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U.S. equity markets advanced during the fourth quarter of 2013 amid indications of an acceleration of economic growth. Investors appeared to be comfortable with the prospect that the U.S. Federal Reserve would begin to withdraw monetary accommodation via reduced monthly bond purchases. Indeed, the Fed announced on December 18 that it would start "tapering" at a modest pace during 2014. The outlook for other major global economies was decidedly mixed: the eurozone remained sluggish; Japan's growth rate decelerated despite an enormous stimulus program; and China's growth pace quickened amid government efforts to restructure the economy.
The Fed noted that "the economy continued to expand at a modest to moderate pace" between early October and mid-November, based on reports from the 12 Fed districts. The Fed said manufacturing activity expanded in most districts, with gains noted in the motor-vehicle and high-technology industries. Reports on retail spending were positive, though retailers reported being "hopeful, but cautious" ahead of the holiday season.1 The second estimate for the third quarter of 2013 showed that the economy grew by an annualized rate of 3.6%, above the previous estimate of 2.8%. Second-quarter 2013 growth was 2.5%.2
The S&P 500® Index3 rose 11% during the quarter, reaching an all-time closing high on December 31. Gains occurred in all of the 10 major sectors. The information technology and industrials sectors outperformed the broader market. Growth stocks (as represented by the Russell 3000® Growth Index4) outperformed value stocks (as represented by the Russell 3000® Value Index5). Large cap stocks (as represented by the Russell 1000® Index6) outperformed small caps (as represented by the Russell 2000® Index7).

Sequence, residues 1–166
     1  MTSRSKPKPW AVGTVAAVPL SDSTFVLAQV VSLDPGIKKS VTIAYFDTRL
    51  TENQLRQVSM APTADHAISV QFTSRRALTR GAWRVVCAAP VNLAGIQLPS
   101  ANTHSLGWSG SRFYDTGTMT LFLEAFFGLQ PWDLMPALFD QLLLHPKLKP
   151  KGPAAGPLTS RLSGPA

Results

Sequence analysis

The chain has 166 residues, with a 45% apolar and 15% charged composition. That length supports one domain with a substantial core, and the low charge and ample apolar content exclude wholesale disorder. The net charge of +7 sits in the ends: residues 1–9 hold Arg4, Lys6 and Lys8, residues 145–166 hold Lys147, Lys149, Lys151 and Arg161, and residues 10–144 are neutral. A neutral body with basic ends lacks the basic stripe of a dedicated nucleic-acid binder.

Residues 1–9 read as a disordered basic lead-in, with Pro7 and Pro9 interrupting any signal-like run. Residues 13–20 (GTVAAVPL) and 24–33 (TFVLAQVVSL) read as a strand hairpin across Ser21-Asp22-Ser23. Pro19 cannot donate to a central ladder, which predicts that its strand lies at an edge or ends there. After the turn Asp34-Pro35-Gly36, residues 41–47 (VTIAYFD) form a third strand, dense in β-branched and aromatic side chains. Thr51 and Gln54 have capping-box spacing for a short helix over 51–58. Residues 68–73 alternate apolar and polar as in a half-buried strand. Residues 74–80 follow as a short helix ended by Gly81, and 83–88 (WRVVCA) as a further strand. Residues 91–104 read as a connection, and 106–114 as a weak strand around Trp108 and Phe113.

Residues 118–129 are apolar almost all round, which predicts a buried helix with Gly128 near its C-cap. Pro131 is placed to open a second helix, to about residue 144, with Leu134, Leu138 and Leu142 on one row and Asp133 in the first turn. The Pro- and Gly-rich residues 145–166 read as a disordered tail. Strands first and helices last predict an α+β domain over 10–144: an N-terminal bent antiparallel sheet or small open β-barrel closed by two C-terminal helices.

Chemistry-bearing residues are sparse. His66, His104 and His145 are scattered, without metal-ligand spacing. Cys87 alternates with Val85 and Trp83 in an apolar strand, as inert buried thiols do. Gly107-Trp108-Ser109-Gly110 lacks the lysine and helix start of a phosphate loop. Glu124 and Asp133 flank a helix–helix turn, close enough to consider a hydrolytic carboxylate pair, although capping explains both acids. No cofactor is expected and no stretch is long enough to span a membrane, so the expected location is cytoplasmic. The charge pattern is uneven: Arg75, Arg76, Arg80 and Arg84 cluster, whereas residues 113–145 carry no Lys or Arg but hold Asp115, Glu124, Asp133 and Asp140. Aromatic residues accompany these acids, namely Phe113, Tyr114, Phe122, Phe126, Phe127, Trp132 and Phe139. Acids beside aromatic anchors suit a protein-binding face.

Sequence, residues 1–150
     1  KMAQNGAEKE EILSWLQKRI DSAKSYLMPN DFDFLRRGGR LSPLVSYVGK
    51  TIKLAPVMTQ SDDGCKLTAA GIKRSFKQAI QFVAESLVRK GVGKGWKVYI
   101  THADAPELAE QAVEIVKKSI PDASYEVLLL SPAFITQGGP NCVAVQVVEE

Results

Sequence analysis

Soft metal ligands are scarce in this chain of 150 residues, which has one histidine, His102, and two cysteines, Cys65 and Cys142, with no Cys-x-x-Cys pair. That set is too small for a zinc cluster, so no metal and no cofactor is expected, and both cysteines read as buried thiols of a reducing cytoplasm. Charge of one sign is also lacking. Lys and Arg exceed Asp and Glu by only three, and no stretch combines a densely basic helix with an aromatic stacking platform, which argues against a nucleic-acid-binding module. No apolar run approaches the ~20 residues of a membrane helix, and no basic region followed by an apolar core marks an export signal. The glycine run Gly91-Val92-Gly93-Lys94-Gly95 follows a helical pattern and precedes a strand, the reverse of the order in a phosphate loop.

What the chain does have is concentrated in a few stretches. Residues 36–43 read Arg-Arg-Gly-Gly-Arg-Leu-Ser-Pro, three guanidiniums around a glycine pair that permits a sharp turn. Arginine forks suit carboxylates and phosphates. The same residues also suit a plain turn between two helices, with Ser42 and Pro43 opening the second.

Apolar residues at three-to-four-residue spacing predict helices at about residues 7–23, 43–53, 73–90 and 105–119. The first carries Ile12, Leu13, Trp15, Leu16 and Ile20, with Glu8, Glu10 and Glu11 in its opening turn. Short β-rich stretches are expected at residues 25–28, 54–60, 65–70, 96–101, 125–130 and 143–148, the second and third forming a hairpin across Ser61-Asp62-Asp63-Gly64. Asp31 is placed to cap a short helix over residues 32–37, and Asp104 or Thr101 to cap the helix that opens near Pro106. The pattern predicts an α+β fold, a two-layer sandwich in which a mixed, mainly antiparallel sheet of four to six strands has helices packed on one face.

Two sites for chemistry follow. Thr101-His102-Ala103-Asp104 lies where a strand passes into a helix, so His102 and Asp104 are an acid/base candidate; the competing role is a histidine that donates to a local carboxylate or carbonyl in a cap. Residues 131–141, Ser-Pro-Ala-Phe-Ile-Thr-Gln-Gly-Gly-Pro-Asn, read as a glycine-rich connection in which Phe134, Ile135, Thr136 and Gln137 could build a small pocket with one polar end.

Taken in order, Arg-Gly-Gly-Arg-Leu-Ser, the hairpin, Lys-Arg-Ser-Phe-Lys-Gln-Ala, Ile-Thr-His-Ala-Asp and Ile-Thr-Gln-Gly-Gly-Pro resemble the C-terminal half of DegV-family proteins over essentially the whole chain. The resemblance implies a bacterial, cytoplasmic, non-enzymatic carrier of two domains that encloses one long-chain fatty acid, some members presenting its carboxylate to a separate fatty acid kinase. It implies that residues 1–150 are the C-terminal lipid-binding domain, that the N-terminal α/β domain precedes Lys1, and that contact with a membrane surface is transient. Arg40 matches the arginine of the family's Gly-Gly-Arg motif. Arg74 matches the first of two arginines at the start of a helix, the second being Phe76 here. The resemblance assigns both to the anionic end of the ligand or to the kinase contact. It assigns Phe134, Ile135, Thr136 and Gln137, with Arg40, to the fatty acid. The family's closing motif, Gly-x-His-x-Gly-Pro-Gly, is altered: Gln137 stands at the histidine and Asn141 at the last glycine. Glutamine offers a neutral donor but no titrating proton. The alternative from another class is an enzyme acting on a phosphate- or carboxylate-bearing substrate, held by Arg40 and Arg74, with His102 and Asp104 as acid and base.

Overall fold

The Lord Abbett Mid Cap Stock Fund returned 8.89%, reflecting the performance at the net asset value (NAV) of Class A shares with all distributions reinvested for the quarter ended December 31, 2013, compared to its benchmarks, the Russell Midcap® Value Index,8 which returned 8.56%, and the S&P MidCap 400®/Citigroup Value Index,9 which returned 8.22%. Average annual total returns, which reflect performance at the maximum 5.75% sales charge applicable to Class A share investments and include the reinvestment of all distributions, as of December 31, 2013, are: one year: 22.85%; five years: 16.51%; and 10 years: 7.03%. Expense ratio: 1.13%.
Performance data quoted represent past performance, which does not guarantee future results. Current performance may be higher or lower than the performance data quoted. The investment return and principal value of an investment in the fund will fluctuate so that shares, on any given day or when redeemed, may be worth more or less than their original cost. To obtain performance data current to the most recent month-end, call Lord Abbett at 1-888-522-2388 or visit us at www.lordabbett.com.
The robust year-to-date gains in equities continued during the fourth quarter, as positive sentiment caused by an improving domestic economic backdrop drove many domestic equity indexes to new all-time highs. This advance occurred despite a 16-day federal government shutdown, tapering of the Fed's asset-purchase program, and elevated U.S. equity valuations.
Positive security selection within the financials sector was a key driver of the Fund's relative outperformance during the period. Within the sector, major contributors to relative performance included Raymond James Financial, Inc. and Lincoln National Corp. Shares of Raymond James rallied to new all-time highs following an impressive earnings report. The financial services company reported a meaningful revenue surprise, aided by strong capital markets, combined with lower operating and acquisition integration expenses. Lincoln National Corp., a leading provider of insurance and retirement solutions, also benefited from favorable capital markets as well as strong execution, leading to a solid quarterly report. The firm's revenues rose due to robust annuity sales and inflows, as well as fees associated with a rising asset base.